United States District Court, E.D. Michigan, Southern Division
K. MAJZOUB MAGISTRATE JUDGE
ORDER ADOPTING MAGISTRATE JUDGE'S REPORT AND
RECOMMENDATION (ECF #17); GRANTING DEFENDANT'S MOTION FOR
SUMMARY JUDGMENT (ECF #15); DENYING PLAINTIFF'S MOTION
FOR SUMMARY JUDGMENT (ECF #11)
Victoria A. Roberts United States District Judge
Marianne Henman (“Henman”) appealed the decision
of the Commissioner of Social Security denying her
application for disability benefits pursuant to 42 U.S.C.
parties filed cross-motions for summary judgment. The Court
referred those motions to Magistrate Judge Mona K. Majzoub
for a Report and Recommendation (“R&R”).
Magistrate Judge Majzoub recommends the Court grant the
Commissioner's Motion for Summary Judgment and deny
Henman's. Henman timely objected. The objections are
Court agrees with Magistrate Judge Majzoub's analysis and
ADOPTS the R&R. The Commissioner's
Motion for Summary Judgment is GRANTED.
Henman's Motion for Summary Judgment is
Federal Rule of Civil Procedure 72(b)(3), a district judge is
required to determine de novo any part of a
magistrate judge's report and recommendation that has
been properly objected to. Id.; see also 28 U.S.C.
§ 636(b)(1)(C). This de novo review requires
the Court to re-examine all relevant evidence previously
reviewed by the magistrate judge to determine whether the
recommendation should be accepted, rejected, or modified, in
whole or in part. Cole v. Comm'r of Soc. Sec.,
105 F.Supp.3d 738, 741 (E.D. Mich. 2015); 28 U.S.C. §
1. Henman's Objection is Rejected - the ALJ Gave
“Good Reasons” for the Weight Afforded to Dr.
Bell's Opinion and the Magistrate Judge Relied on
Appropriate Case Law
Henman frames her objection as attacking the Magistrate
Judge's reliance on two cases, she essentially makes two
objections: (1) to the Magistrate Judge's finding that
the Administrative Law Judge (“ALJ”) provided the
requisite “good reasons” for affording her
treating physician, Dr. Randy Bell's, opinion little
weight; and (2) to the Magistrate Judge's reliance on two
cases to support that finding. Considering this, the Court
will address the Magistrate Judge's finding that the ALJ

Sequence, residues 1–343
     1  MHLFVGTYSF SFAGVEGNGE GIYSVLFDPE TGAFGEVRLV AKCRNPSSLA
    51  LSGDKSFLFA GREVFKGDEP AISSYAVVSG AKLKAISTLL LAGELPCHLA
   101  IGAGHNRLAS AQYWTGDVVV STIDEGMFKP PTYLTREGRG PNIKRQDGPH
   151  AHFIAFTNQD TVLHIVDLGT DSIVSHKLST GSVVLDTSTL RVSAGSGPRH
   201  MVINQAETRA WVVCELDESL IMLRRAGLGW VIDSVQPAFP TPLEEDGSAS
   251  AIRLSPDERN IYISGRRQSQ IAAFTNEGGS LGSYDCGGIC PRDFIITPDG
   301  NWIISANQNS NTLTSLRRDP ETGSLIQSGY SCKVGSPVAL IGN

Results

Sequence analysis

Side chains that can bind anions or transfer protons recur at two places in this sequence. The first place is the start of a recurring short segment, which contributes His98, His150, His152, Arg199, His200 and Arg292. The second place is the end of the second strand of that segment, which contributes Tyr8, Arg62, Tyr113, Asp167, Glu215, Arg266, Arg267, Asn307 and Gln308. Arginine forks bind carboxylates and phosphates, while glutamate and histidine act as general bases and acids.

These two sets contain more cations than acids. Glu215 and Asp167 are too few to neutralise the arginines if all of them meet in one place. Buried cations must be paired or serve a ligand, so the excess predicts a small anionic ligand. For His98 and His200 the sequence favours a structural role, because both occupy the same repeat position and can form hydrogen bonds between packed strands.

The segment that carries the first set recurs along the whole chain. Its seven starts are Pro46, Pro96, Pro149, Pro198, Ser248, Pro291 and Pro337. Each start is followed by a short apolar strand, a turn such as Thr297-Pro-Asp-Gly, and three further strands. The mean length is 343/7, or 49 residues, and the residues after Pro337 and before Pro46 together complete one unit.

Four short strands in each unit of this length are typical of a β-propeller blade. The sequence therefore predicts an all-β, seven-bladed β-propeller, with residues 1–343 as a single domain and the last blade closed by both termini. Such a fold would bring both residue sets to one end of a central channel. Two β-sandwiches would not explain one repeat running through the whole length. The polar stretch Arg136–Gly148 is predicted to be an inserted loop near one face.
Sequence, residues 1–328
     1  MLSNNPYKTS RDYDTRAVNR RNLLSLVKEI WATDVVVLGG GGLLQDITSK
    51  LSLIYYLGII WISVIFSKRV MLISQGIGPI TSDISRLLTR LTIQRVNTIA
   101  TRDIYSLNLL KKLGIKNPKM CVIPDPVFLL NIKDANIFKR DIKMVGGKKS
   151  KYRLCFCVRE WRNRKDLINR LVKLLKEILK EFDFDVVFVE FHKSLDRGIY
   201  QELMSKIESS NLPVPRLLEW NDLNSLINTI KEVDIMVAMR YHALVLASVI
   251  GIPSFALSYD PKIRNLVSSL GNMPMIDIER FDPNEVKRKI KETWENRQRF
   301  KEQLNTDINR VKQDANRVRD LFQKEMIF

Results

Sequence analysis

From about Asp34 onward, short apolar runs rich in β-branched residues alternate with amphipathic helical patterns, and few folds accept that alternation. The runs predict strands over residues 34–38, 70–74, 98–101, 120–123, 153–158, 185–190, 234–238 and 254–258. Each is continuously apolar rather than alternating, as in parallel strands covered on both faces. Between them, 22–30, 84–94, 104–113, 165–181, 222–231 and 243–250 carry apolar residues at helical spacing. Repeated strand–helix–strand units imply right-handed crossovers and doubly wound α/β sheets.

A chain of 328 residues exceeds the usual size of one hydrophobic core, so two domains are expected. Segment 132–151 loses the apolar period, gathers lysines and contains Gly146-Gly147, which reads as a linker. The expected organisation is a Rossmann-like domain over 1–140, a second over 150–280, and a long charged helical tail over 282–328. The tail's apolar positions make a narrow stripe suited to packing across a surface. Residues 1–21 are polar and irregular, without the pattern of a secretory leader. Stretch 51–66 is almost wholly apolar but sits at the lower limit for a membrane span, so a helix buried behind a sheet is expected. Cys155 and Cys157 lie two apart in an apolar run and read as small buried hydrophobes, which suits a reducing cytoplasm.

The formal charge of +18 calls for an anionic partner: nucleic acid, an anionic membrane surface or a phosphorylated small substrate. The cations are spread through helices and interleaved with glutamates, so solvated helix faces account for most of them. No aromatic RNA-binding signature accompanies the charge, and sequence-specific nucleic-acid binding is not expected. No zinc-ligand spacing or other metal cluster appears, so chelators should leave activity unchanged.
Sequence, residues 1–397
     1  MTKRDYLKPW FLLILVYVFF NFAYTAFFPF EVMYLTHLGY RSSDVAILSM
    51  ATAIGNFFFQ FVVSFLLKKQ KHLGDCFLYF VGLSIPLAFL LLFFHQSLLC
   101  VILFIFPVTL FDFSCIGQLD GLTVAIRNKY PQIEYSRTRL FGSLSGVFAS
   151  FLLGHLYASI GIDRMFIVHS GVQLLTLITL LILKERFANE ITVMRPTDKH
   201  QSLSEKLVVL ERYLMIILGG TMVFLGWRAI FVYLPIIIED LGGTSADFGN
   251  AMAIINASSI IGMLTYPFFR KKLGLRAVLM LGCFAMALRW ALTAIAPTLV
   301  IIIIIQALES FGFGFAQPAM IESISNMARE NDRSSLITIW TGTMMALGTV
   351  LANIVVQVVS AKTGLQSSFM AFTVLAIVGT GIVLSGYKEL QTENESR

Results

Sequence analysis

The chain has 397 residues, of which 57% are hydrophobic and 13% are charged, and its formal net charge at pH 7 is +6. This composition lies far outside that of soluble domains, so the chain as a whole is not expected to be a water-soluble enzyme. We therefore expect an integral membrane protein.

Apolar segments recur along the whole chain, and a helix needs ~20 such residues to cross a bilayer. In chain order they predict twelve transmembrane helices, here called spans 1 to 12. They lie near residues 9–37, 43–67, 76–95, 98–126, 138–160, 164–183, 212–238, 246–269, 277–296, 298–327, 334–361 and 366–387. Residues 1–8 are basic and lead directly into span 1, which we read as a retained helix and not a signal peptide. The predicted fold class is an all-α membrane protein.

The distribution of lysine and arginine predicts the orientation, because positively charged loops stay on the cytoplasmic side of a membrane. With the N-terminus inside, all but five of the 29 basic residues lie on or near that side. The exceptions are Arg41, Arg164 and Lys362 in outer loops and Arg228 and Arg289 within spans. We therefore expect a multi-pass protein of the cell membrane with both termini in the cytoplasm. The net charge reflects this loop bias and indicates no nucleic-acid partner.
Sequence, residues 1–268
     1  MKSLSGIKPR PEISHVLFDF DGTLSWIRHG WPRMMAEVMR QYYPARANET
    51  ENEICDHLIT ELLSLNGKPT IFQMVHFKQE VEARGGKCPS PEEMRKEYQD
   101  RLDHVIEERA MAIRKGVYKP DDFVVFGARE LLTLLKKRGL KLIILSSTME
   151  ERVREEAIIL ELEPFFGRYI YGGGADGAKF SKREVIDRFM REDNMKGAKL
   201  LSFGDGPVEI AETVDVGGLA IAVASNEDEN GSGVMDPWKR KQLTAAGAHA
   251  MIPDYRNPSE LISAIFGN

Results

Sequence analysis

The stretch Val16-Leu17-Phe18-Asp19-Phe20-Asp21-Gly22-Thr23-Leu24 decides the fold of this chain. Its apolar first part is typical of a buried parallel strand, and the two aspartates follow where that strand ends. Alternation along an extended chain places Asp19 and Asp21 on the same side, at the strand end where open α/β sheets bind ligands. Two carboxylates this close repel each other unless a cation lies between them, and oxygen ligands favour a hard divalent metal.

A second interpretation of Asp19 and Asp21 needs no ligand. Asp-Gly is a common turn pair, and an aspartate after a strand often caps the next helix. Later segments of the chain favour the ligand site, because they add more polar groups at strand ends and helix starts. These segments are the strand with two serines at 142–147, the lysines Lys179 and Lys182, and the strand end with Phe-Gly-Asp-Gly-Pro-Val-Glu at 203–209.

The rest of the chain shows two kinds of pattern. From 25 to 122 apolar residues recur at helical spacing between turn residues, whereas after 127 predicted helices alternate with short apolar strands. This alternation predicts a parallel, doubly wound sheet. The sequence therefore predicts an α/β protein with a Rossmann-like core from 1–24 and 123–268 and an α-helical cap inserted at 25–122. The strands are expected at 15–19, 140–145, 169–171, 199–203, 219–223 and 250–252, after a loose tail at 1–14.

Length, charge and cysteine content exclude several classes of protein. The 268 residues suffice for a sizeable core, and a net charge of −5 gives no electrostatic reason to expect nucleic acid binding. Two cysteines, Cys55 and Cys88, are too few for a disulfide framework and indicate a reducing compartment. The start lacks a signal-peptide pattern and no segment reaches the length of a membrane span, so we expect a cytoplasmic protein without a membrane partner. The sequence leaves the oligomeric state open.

provided the requisite “good reasons, ” and
whether that finding is supported by applicable case law.
parties do not dispute that Dr. Bell is a treating physician.
Under the treating physician rule, the ALJ must give a
treating physician's opinion controlling weight if it is
well-supported by medically acceptable clinical and
laboratory diagnostic techniques and is not inconsistent with
the other substantial evidence in the record. Sawdy v.
Comm'r of Soc. Sec., 436 Fed.Appx. 551, 553 (6th
Cir. 2011); 20 C.F.R. §§ 404.1527(c)(2),
the ALJ determines a treating physician's opinion is not
controlling, he then must determine how much weight to assign
the opinion by applying several factors: (1) length of the
treatment relationship and the frequency of the examination;
(2) nature and extent of the treatment relationship; (3)
supportability of the opinion; (4) consistency of the opinion
with the record; (5) specialization of the treating source;
(6) other factors that tend to support or contradict the
opinion. 20 C.F.R. §§ 404.1527(c)(2-6),
416.927(c)(2-6). The rule further requires the ALJ give
“good reasons” for the weight given to the
treating source's opinion. 20 C.F.R. §§
the ALJ gave Dr. Bell's opinion little weight because it
was not consistent with or supported by other evidence in the
In February 2017, Randy Bell, M.D., [Henman's] primary
care physician, gave [Henman] work preclusive limitations,
including missing more than four days per month of work,
sitting for about 2 hours in an 8-hour workday,
standing/walking 2 hours in an 8 hour workday, and needing
unscheduled breaks (internal citation omitted). This opinion
is not consistent with or supported by the medical reports.
Clinicians reported that claimant had normal gait, ...